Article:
director's statement


 In the era of #metoo and #timesup, who needs another film directed by a white guy, starring mostly white guys? Before you get too defensive, I applaud and affirm that women, people of color, and the LGBTQ community should be able to spread their wings and have their stories told in their own voices in much greater quantity than they have in the first century plus of filmmaking. But as white men grapple with their loss of privilege in society, some voluntarily and others unfortunately not, we need films that portray honest, positive examples of 21st century masculinity that inspire men to respect themselves and the women around them. This film is about a man who’s wrestling with what it means to be a good father and a good man when he never saw those things modeled for him in his own childhood. It’s about a grandfather who always treated women with respect, and believes his granddaughter can love the woods the way he has. That she can be confident and strong and feminine, that hunting, fishing and camping aren’t just for the guys. And the real hero of the story is Jenna. Whose incredible perseverance and love for her family gives her the courage to do extraordinary things in the face of extreme pain.

I’m making this film because I hope it inspires compassion for what it takes to be a strong, determined young woman like Jenna, and a man who does his best in spite of his flaws like David. I hope the audience can see themselves in the characters, admire their perseverance, and leave with a dash of courage to face their own obstacles.

I’ll be honest. Films of this genre don’t make a profit unless they star Leonardo DiCaprio (The Revenant) or are directed by Sean Penn (Into the Wild) or Werner Herzog (Grizzly Man, Rescue Dawn). While people love to see these movies on Netflix or Hulu for a quiet night at home, they don’t come out to the theater for them. But do you know who does love movies like this? Festivals. Festivals love new young directors and great acting performances by people with little name recognition before their festival. They want the opportunity to introduce the next generation that will carry the torch of the art form of film, which is part of why I want to make this movie. While I’ve already made a feature length documentary that I’m extremely proud of, in order to advance my career, and the careers of the rest of my team working on this film, I need to make a feature length narrative film on my own terms before another studio will hand me the reigns to their film.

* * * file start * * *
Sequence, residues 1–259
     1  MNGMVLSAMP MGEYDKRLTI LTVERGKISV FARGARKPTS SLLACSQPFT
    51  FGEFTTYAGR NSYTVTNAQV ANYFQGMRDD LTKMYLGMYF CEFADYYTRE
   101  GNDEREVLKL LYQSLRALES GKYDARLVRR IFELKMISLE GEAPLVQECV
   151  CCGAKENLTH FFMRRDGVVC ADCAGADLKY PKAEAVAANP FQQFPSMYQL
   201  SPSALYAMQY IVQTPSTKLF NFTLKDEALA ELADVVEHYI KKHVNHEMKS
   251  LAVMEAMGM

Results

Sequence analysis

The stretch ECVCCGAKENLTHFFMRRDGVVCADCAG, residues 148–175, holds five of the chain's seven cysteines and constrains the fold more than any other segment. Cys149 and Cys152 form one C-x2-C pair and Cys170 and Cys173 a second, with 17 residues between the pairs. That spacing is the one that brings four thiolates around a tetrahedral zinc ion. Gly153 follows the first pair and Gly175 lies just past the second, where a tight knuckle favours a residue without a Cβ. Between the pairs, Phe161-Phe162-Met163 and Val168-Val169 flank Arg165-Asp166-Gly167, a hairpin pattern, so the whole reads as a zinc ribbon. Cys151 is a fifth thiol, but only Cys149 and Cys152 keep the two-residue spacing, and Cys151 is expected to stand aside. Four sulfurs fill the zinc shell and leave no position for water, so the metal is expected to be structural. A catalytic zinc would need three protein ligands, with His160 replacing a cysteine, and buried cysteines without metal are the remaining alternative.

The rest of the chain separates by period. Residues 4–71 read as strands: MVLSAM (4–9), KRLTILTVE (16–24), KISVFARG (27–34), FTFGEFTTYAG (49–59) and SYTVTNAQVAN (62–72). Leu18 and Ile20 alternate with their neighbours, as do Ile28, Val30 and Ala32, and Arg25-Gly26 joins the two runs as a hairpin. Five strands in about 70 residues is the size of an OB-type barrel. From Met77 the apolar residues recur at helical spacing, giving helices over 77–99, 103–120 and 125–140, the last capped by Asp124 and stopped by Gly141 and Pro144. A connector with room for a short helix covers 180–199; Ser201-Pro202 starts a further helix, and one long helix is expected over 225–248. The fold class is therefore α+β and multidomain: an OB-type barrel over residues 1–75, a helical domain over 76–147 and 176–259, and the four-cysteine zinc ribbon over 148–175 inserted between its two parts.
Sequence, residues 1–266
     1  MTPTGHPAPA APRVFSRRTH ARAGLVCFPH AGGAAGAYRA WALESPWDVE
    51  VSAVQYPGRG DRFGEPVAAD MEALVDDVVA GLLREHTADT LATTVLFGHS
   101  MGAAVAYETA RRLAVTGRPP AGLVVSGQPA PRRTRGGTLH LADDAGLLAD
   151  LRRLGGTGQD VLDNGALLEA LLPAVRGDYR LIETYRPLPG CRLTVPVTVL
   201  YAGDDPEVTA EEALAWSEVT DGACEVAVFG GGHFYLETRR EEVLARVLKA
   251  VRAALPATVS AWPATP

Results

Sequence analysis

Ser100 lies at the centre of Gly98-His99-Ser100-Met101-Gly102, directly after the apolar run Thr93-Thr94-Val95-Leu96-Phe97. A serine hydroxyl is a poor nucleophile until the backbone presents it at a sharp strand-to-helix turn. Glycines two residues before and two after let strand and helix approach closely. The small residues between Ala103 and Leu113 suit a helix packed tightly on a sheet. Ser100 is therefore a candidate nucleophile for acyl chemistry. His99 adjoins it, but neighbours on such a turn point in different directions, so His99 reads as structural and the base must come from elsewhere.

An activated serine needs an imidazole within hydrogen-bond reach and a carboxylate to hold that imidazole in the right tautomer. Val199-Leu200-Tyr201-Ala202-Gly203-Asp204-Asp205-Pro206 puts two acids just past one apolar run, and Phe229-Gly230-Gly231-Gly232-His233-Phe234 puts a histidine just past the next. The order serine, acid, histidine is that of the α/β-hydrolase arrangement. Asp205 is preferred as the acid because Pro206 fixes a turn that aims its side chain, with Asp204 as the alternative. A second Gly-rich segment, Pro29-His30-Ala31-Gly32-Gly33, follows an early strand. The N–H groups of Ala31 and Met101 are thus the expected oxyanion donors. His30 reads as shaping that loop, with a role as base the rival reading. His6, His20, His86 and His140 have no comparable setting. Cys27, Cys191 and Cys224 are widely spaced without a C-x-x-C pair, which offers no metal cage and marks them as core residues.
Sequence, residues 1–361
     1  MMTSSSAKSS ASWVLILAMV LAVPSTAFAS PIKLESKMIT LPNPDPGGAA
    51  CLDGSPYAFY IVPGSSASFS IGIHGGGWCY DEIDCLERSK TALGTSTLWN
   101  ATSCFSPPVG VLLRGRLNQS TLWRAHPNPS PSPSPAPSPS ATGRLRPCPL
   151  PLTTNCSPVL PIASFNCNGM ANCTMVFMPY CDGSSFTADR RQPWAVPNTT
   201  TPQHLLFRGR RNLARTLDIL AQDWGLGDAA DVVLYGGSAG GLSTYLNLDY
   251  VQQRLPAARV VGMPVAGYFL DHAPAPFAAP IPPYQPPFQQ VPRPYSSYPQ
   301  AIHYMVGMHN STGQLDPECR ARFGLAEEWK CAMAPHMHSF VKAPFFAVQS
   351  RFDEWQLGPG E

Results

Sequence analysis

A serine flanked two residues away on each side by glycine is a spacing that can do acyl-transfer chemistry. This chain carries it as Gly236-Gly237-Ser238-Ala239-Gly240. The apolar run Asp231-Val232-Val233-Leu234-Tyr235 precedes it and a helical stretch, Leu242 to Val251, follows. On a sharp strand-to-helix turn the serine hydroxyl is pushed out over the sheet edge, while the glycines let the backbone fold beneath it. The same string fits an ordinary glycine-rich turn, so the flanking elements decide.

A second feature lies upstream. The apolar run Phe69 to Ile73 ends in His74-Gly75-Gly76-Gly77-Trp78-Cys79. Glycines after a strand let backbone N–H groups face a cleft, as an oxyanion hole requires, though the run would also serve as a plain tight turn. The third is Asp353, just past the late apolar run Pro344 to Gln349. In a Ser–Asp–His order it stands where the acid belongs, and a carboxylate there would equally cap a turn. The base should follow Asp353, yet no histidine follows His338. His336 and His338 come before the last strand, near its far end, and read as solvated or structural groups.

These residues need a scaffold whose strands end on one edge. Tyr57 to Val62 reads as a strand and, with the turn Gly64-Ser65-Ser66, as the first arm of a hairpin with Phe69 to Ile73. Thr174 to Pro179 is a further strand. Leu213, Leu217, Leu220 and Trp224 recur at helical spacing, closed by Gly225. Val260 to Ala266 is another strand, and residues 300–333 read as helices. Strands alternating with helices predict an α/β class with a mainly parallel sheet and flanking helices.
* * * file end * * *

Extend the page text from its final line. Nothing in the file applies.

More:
I encourage you to support this film because you believe in good, artistic filmmaking and the skills of the professionals that make it happen. But more than that, I encourage you to support this film because of its message of what it means to be a good man that empowers the women around him and leaves behind a legacy he can be proud of.

J.D. O’Brien